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Little remains of the once-bustling Civilian Conservation Corps camp on the Plains of San Agustín

Today, building foundations and a windmill are all that remain at the once-busy DG-42-N Civilian Conservation Corps camp on the Plains of San Agustín. (Joel Wigelsworth/Albuquerque Journal)

Today, building foundations and a windmill are all that remain at the once-busy DG-42-N Civilian Conservation Corps camp on the Plains of San Agustín. (Joel Wigelsworth/Albuquerque Journal)

ALBUQUERQUE, N.M. — Eighty years ago this month, 20 solitary miles beyond Magdalena on the Plains of San Agustín, a large camp began to take shape.

Populated by lonely young men far from home, this remote outpost was known as DG-42-N. It was built by the Civilian Conservation Corps as a home base for their area project, a big part of which was to protect and improve an important New Mexico asset: the Magdalena Stock Driveway.

The CCC was established by President Franklin Roosevelt in 1933 to provide employment and training to young men during the Great Depression. They certainly had their work cut out for them on the Magdalena Stock Driveway, which not many people are familiar with despite its notable role in New Mexico history.

“The Magdalena Stock Driveway, or Magdalena Trail, has been compared in importance to the famous Chisum and Goodnight-Loving trails,” said Brenda Wilkinson, an archaeologist with the Bureau of Land Management who oversees much of the driveway lands, “but unlike those more famous trails, the Magdalena Trail was used clear up to 1970.”

The Magdalena Trail was established in 1885 after the Atchison, Topeka and Santa Fe Railroad completed the rail spur from Socorro to Magdalena, and was used to move cattle and sheep to the stockyards and railhead from the numerous ranches spread across the western New Mexico countryside, with annual numbers reaching as high as 21,677 cattle and 150,000 sheep, Wilkinson said.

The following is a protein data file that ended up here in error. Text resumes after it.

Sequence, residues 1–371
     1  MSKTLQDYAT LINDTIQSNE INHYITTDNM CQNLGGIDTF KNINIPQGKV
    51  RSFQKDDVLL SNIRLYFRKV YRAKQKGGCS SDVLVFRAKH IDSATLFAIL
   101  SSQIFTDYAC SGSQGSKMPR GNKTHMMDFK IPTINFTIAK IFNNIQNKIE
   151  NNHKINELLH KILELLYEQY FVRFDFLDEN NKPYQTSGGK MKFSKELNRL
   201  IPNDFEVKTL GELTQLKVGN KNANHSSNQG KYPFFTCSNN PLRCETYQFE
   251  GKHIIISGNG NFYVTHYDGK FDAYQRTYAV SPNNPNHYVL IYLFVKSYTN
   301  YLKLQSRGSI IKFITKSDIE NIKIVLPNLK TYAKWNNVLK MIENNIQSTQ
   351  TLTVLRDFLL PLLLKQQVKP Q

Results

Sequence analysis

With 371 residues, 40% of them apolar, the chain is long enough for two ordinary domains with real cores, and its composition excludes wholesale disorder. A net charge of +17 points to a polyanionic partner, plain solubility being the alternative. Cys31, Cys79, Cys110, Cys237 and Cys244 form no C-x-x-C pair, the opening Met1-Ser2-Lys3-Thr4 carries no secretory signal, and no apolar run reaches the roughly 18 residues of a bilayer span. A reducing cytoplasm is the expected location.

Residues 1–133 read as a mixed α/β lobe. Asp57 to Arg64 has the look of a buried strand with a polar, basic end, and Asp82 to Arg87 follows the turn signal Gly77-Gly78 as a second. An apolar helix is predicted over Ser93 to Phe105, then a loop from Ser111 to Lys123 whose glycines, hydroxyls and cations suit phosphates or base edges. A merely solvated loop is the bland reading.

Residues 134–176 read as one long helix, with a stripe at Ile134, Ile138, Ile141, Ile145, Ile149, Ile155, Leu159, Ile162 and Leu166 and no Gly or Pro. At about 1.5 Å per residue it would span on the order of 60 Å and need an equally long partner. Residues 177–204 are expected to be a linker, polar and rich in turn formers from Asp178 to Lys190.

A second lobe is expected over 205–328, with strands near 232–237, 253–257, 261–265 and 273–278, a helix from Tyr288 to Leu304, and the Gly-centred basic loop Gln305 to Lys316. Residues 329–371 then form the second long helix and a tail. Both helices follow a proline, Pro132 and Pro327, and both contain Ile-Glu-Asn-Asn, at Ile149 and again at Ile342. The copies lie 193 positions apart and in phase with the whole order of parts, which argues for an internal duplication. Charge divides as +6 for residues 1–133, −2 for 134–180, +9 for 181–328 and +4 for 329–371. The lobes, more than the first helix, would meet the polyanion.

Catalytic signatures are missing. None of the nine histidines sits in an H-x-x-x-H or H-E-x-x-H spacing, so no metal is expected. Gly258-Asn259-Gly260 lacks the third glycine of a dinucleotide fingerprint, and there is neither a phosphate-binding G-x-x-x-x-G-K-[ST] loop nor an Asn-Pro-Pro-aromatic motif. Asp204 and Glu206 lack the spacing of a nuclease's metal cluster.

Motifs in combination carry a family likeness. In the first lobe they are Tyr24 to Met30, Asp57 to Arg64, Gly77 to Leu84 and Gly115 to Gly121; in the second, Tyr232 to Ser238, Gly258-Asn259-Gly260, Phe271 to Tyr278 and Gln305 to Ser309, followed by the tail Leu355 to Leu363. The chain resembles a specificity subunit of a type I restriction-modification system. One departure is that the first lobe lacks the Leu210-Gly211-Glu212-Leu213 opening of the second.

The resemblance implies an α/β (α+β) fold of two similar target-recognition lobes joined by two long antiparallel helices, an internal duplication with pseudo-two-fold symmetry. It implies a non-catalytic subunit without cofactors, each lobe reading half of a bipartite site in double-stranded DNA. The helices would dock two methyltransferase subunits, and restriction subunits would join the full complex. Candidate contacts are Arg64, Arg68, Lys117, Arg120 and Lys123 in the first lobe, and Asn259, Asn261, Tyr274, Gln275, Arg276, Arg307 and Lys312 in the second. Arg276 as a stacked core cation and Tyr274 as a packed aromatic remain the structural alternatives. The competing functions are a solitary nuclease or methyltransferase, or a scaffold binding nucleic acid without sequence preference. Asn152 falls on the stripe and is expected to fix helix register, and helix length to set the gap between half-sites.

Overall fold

“The Magdalena railhead was one of the most important shipping points in the West, and the stock driveway served a vast area of west-central New Mexico, and even as far as Springerville, Arizona, in the early days. It was a bit like a river system, with tributaries flowing into the main channel.”

Young men work at the Civilian Conservation Corps camp DG-42-N in the late 1930s. The camp was established in July 1935 in the middle of the Great Depression. (Courtesy of the Palace of the Governors)

Young men work at the Civilian Conservation Corps camp DG-42-N in the late 1930s. The camp was established in July 1935 in the middle of the Great Depression. (Courtesy of the Palace of the Governors)

Rough trail

Wilkinson said this crucial trail – a pipeline of survival for countless ranchers – faced possible extinction in 1916 with the Stock Raising Homestead Act (SRHA), which allowed homesteaders to claim up to 640 acres.

“Ranchers and stockmen started getting a little edgy after the (SRHA) passed in 1916. They were afraid that if folks started fencing off these big homesteads the trail might be blocked. Ranching is a business, and in order to do business you have to sell your product. For cattlemen and sheepmen that means getting your stock to a buyer, which was done by rail in those days.”